Bringing the issue into the conversational level will certainly get people thinking about whether this could happen to their child or loved one. Looking toward politicians who want to get reelected aet all costs is a mistake . Perhaps some community gatherings, where ideas can be swapped and solutions sought would be a strong influence.
    I don’t think the real issue is guns,but of morals and ethics. We don’t have to look very far to see the absence of morals and ethics, especially demonstrated by certain politicians who fill the TV screen.
    Might I suggest that community discussion be instigated by our churches? A logical place, I submit. Thanks again Matthew.

  3. If you heard Biden’s speech today, the solution is to throw spaghetti against the wall and see what sticks. Oh and suing the crap out of gun manufactures. But more importantly is the message that what we need is a larger presence of the Federal Government. How many more examples ( to quote the POTUS) do we need of the gross incompetence of these “agencies” who we empower to look after these matters? Because all the signs were there….This time, the last time and I’m sure the next time.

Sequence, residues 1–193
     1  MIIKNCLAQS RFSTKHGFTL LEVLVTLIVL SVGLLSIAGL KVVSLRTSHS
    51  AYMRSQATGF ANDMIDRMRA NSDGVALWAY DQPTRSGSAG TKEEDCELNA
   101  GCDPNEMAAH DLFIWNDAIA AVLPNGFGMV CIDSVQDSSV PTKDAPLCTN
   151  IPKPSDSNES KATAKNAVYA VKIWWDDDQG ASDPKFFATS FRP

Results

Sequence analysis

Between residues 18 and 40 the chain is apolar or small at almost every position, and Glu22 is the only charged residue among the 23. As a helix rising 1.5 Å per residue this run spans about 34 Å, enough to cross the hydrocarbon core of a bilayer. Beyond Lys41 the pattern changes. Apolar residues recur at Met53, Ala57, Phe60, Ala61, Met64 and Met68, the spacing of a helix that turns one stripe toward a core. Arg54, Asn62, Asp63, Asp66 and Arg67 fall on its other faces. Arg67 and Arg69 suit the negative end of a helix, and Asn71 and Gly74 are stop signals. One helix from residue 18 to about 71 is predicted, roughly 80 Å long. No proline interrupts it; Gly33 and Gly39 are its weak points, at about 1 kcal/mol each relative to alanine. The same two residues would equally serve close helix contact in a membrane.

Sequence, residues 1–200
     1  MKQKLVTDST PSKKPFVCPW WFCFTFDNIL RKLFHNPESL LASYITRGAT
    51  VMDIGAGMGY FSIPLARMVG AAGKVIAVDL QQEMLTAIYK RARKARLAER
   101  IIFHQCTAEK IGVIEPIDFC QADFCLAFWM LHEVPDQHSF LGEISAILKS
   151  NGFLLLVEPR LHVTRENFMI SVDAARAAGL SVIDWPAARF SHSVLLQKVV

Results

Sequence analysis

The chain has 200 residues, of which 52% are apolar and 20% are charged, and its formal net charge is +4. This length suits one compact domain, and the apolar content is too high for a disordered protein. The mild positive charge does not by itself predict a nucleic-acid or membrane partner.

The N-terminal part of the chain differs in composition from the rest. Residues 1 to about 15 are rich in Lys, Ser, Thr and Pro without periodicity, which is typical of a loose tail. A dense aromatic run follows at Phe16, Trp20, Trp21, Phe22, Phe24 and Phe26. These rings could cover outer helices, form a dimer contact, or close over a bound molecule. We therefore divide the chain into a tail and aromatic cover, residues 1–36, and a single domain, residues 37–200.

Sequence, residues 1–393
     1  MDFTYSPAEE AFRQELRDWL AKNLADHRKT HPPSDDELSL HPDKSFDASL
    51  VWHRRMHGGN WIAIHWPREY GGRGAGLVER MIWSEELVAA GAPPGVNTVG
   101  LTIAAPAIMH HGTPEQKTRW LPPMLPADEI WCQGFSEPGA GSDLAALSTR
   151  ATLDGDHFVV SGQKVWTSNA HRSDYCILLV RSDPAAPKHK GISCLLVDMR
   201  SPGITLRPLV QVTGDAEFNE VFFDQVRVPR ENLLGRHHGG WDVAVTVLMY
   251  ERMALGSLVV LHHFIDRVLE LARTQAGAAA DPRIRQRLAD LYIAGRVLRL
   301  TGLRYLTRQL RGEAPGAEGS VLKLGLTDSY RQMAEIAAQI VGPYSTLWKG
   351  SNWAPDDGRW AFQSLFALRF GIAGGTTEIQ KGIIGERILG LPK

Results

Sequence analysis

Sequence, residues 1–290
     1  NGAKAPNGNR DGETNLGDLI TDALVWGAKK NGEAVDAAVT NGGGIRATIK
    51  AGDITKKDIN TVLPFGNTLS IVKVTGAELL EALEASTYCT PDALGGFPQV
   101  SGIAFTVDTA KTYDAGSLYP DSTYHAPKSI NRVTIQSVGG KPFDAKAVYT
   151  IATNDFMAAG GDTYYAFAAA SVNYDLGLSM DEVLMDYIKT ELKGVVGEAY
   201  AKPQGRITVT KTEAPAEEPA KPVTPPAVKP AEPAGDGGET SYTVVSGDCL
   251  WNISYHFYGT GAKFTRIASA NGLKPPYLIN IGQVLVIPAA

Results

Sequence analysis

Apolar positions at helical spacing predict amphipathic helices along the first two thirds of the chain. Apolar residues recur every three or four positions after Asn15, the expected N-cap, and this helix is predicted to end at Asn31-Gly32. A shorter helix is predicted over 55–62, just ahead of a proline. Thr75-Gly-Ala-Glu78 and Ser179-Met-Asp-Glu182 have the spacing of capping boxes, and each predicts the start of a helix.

Meanwhile the border is wide open and we don’t know who is crossing. What could go wrong?
    These maniacs act in a singular fashion, meaning 1 person but heavily armed. So the solution is to outnumber the assailant AFTER the event starts.
    These are not serious people who weigh in on this subject in D.C. After the fake outrage is finished they will all attended the same cocktail party and slap themselves on the back telling each other we did the best we could.
    Knowing full well that they are surrounded by good guys/gals with guns. And something like this could never happen to them or their families.
    Disgusting…..

  4. Oh, and John Hinkley Jr. was granted “unconditional release” today and he has a concert performance this month in N.Y.